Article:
Thread Starter
Join Date: Nov 2009
Location: Alaska
Posts: 5
I did check the fuses-

one under the hood- a 10 amp fuse was blown -

replaced it and truck started fine, but quit 5 miles later.

checked all fuses- had new ones and replaced everyone under dash and hood,except big fuses-I moved all those and looked at them(took all out and exchanged places with same size fuse).All fuses looked fine.

I have charged the battery-it was new 4 months ago.

Will try and look at Fuel,Air, and Spark next.

Have the Hayes manual,ODB-II tester,Ohm meter,Fuel pressure gauge and ordered a Spark tester.Hope to get it checked out,just need the weather to get better.

Thanks for the help.
Old 03-29-10, 07:40 AM
Join Date: Oct 2008
Posts: 1,312
Check that 10 amp fuse again. And check every inch of wire on that circuit.

Sometimes a wire can rub against a sharp metal object and ground out. Then this blows the fuse.

And if that same circuit goes to something like the engine computer, then your vehicle will not run.

So far as what all is on a particular circuit, it is pretty much impossible to trace wires on a modern vehicle because they have them all wrapped up and hidden.

So you pretty much need to get the factory service manual set of books, then use the electrical diagrams manual to find what all is on a particular circuit. Then use a multimeter to see if those things are getting power. And check the wiring for that circuit.

You want to be sure everything is getting power. Especially the engine computer.

(You can order a factory service manual set of books from helminc.com)

How to use a multimeter...
how to use a multimeter on a car - Google Search
Old 04-04-10, 09:24 PM
Thread Starter
Join Date: Nov 2009
Location: Alaska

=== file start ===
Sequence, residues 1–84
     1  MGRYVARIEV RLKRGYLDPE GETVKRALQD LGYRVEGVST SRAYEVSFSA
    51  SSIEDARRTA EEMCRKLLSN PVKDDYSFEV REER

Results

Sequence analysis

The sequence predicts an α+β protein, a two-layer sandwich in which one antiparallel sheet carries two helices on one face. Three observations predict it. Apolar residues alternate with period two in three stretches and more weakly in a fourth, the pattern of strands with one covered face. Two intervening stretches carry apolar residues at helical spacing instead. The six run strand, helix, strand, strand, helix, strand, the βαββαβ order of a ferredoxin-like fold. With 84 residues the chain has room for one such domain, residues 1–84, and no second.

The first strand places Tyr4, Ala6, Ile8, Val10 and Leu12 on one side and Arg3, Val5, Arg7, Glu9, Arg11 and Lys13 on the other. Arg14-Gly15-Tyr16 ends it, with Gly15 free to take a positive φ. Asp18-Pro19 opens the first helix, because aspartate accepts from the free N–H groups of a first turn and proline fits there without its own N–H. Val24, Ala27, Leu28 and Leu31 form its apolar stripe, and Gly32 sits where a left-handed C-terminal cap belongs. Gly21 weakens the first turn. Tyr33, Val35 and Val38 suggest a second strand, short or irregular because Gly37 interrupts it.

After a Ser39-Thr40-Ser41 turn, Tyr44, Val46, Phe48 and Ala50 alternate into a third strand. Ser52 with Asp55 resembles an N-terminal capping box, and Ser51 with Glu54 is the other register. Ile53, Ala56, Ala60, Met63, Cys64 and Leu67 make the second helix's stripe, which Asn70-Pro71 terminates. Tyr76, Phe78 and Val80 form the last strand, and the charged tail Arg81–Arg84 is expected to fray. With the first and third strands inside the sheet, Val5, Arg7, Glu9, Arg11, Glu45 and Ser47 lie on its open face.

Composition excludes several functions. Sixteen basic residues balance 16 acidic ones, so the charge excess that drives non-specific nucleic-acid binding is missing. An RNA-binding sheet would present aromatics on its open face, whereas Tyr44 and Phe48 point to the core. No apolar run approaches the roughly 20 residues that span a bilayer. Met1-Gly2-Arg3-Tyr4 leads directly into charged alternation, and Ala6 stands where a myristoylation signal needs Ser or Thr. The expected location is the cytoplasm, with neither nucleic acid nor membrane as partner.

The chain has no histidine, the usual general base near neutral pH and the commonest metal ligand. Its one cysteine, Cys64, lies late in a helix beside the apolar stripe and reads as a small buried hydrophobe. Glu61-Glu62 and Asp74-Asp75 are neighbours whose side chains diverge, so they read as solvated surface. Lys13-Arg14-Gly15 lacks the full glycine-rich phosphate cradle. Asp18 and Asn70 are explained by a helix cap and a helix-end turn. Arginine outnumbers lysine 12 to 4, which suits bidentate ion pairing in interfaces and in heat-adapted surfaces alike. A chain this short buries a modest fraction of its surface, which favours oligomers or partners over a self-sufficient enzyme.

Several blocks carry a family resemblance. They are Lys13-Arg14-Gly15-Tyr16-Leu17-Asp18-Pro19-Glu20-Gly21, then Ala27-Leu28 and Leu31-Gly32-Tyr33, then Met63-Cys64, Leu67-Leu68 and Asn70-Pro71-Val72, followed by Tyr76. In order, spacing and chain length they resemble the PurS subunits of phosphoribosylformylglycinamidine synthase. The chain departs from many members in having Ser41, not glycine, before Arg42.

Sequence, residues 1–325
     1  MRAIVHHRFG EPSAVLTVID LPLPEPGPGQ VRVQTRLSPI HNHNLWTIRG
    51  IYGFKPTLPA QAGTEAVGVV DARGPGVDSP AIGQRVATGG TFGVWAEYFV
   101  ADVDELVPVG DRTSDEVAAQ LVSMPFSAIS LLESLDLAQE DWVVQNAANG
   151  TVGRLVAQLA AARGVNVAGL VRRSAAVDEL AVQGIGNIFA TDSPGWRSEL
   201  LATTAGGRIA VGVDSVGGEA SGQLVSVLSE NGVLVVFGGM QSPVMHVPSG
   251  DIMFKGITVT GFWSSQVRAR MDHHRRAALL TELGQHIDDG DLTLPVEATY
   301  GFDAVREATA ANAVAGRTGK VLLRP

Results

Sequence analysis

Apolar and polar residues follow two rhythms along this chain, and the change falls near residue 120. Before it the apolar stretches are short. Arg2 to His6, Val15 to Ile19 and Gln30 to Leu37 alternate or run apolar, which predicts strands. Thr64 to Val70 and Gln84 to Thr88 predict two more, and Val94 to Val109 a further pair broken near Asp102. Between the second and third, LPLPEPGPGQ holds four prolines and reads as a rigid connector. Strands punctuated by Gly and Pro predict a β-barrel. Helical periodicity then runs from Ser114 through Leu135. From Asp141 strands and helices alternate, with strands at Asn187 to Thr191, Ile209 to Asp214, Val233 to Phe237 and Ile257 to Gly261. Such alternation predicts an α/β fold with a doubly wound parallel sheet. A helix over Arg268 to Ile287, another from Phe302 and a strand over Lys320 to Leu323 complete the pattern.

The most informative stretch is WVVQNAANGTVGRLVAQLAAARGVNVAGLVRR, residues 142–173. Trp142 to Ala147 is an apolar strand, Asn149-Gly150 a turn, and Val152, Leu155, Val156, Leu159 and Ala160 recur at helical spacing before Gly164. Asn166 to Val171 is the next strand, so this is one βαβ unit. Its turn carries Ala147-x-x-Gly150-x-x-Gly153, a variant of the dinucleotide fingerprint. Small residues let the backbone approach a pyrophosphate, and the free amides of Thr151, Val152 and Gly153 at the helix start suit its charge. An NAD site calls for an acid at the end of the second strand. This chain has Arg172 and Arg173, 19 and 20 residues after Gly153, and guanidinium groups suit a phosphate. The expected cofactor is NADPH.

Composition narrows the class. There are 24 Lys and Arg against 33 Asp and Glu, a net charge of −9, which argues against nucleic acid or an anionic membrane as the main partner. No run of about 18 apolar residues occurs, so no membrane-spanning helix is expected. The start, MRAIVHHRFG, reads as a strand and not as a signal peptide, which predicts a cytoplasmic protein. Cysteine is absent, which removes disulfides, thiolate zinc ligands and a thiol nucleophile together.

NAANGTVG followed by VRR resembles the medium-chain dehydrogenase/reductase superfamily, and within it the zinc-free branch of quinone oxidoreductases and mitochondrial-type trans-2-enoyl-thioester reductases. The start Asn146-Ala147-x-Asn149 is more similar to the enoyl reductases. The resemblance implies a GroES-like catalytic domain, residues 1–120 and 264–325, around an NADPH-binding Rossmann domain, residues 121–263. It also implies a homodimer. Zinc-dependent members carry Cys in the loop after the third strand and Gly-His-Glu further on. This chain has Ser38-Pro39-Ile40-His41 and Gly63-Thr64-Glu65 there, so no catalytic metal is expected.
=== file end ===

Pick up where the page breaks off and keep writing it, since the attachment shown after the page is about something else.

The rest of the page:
Posts: 5
still no start

I finally got to look at truck,due to weather and work.

Checked battery with Multimeter,it was low-due to long cold snap,charged for awhile,till it check out at 12.65 volts at battery.
Put charger on engine start and tried-still no start.
Did the same plus sprayed starting fluid in air cleaner body-still no start.
Checked two different plugs ,with Spark Checker,they both had weak yellow spark (slow but steady while cranking),but not a strong blue spark.
Checked all fuses again and they where all okay.
Still no code on OBD reader.
Did not get to check wires closely,but the looked okay at a glance.
Any idea what would cause weak spark?with no OBD code?
Thanks for any help.
Old 04-04-10, 10:53 PM
Join Date: Oct 2008
Posts: 1,312
I suspect the battery from what you said. As in possibly not enough charge...

The battery should stay around 12 volts with just the ignition on (not started, not starting).

This places an electrical load on the battery. And if it can stay around 12 volts, this means it has "muscle"!

But if it drops down below that, try charging overnight or try jump starting and see if the sparks get better.

If the battery is too low when starting, the computer gizmos will not work.

If the battery is good, then I would suspect a coil as being bad if there is not a good spark. (Or poor/loose electrical connections to the coil.)